Best and Worst of the Press Tour

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It's one thing to get an award from the Television Critics Association for your work in the last television season, but quite another to get one of these, chosen by The Hollywood Reporter's TV team during the marathon of sessions that went on for two weeks at the Beverly Hilton.

BEST DODGE OF A REPORTER'S QUESTION: Both Fox's Mike Darnell and Simon Cowell of The X Factor were asked about "the awkwardness of having two producers suing one another." In stepped producer Cecile Frot-Coutaz: "First of all, Mr. Cowell is not involved in the lawsuit. So I think he can be dismissed from the question. And look, lawsuits are a cost of doing business in this country and, generally speaking, we don't comment on litigation."

WORST DODGE OF A REPORTER'S QUESTION: CBS's Nina Tassler, when asked why the Two and a Half Men stars and Ashton Kutcher were not on a panel: "They are in production this week." Reporter: "So are a lot of things … You're bringing in Ted Danson." Tassler: Spin, spin, dodge, feint, unconvincing spin.

BEST PANEL: A tie between Rosie O'Donnell/Rescue Me. Rosie riffed for her OWN show, she told great stories, she was self-deprecating, she was funny, she was all over the map. She made you want to watch her show right that second. Best of all, unlike Oprah at the last tour, she didn't have a legendary filibuster. And after years of raucous, raunchy and hilarious panels featuring Rescue Me creators Denis Leary and Peter Tolan, a new high was reached when Tolan told us he was going to drop his pants, then did. Follow up question: "That's quite a package, Peter." Slayed the room.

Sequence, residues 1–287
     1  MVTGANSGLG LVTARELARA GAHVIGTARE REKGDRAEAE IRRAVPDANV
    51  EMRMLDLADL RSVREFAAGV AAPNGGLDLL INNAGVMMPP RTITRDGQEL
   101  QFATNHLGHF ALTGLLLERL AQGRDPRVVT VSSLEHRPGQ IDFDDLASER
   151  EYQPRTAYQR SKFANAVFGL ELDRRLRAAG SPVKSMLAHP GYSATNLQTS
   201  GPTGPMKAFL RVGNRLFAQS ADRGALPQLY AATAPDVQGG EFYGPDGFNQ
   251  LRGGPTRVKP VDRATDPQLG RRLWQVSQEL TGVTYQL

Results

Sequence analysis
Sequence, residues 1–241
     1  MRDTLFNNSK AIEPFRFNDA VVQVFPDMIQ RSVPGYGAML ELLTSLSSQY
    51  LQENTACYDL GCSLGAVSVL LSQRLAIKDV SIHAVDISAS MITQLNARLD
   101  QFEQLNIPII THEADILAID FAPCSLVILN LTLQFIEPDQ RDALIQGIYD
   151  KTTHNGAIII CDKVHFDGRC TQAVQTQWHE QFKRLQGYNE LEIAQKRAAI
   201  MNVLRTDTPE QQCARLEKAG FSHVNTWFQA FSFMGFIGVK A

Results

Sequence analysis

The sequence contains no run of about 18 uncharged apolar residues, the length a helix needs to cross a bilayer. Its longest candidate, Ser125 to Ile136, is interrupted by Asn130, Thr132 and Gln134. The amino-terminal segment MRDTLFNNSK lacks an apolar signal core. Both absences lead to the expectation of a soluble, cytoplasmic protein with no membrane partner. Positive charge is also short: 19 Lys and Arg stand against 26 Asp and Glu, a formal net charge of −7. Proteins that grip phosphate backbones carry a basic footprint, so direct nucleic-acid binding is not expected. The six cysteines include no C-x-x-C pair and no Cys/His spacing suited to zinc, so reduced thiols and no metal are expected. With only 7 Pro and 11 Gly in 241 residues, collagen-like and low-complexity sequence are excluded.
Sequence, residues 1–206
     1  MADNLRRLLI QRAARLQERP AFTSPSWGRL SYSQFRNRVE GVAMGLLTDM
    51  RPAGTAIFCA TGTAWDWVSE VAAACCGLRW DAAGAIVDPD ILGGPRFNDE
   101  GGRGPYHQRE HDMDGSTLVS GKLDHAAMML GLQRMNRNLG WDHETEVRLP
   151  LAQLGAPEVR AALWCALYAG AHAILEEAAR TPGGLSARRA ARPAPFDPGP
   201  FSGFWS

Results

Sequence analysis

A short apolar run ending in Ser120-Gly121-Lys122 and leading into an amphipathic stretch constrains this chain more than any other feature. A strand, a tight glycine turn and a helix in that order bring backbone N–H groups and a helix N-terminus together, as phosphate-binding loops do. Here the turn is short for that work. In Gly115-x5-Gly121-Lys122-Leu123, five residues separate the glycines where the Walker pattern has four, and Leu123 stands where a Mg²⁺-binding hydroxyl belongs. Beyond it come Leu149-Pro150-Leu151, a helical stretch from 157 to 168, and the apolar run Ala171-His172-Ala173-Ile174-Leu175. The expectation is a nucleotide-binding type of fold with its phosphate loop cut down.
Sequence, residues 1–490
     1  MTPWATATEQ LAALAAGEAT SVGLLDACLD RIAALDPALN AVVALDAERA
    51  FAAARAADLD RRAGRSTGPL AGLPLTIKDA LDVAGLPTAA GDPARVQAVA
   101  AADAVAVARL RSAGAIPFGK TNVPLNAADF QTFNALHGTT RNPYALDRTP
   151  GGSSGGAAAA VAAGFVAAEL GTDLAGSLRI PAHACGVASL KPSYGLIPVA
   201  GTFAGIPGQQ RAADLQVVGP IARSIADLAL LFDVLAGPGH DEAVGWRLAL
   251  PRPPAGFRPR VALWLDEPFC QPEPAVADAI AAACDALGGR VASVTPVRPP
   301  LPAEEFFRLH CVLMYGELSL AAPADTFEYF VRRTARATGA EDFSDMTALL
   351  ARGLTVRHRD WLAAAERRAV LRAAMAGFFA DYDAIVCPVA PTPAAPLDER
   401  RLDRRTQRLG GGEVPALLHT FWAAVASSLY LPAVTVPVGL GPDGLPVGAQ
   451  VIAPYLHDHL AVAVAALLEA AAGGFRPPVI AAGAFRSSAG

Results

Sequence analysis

WORST PANEL: Four-way tie: Pretty much anything on Hallmark or GMC (formerly Gospel Music Channel)/CW's H8R for making everybody hate it more/Fox's Allen Gregory, where the cast seemed mad we hadn't seen their show, even though all we had to watch were the clips that Fox gave us/Fox's I Hate My Teenage Daughter because we always hope a show that looks DOA will surprise us with a lively and convincing panel (but no).

MOST SURPRISING NETWORK DAY: PBS, which had a string of events that were both entertaining and informative -- and, strangely, very funny. Among them: Pearl Jam Twenty, a documentary on Woody Allen, Downton Abbey II, Ken Burns' Prohibition, Hugh Laurie playing blues in New Orleans and even PBS CEO Paula Kerger dissing on cable channels needing five different shows about cupcakes.

MOST BITTER AND RAMBLING PANEL: Jerry Lewis, swearing, lecturing us, throwing in a lot of funny before lecturing us again, then ending the session by saying there was no reason to talk about a big announcement he was going to make about his annual telethon (he was dumped a few days later).

MOST CHEMISTRY IN A PANEL: Tie: Adorable Zooey Deschanel for Fox's New Girl and slightly less adorable but always catnip to reporters, Simon Cowell for The X Factor.

LEAST CHEMISTRY ON A PANEL: The rest of the X Factor judges who tried hard to show us their chemistry.

THE "WHY ARE WE EVEN HERE, BORED OUT OF OUR MIND" PANE: William Hurt, Gillian Anderson and Ethan Hawke for Starz/Encore's Moby Dick movie.

THE BEST NO-SHOW: AMC's Charlie Collier. Given his channel's recent controversies, it was not a surprise.

MOST HONEST: Kelsey Grammer (starring in Boss on Starz), who flat-out said that he knew Hank for Fox wasn't funny and wouldn't work, then called the head of the production company and said, "How do we put a bullet in this thing?"

UNINTENTIONALLY OFFENSIVE PANEL: The Playboy Club on NBC. This was a panel where there was absolutely no chatter prior about the series being overtly offensive. And yet the stars and producers stuck to some absurd talking points about how the show was about "empowering women." Never has a room turned more quickly, and it was a pie fight the rest of the way. Empower that, lousy show.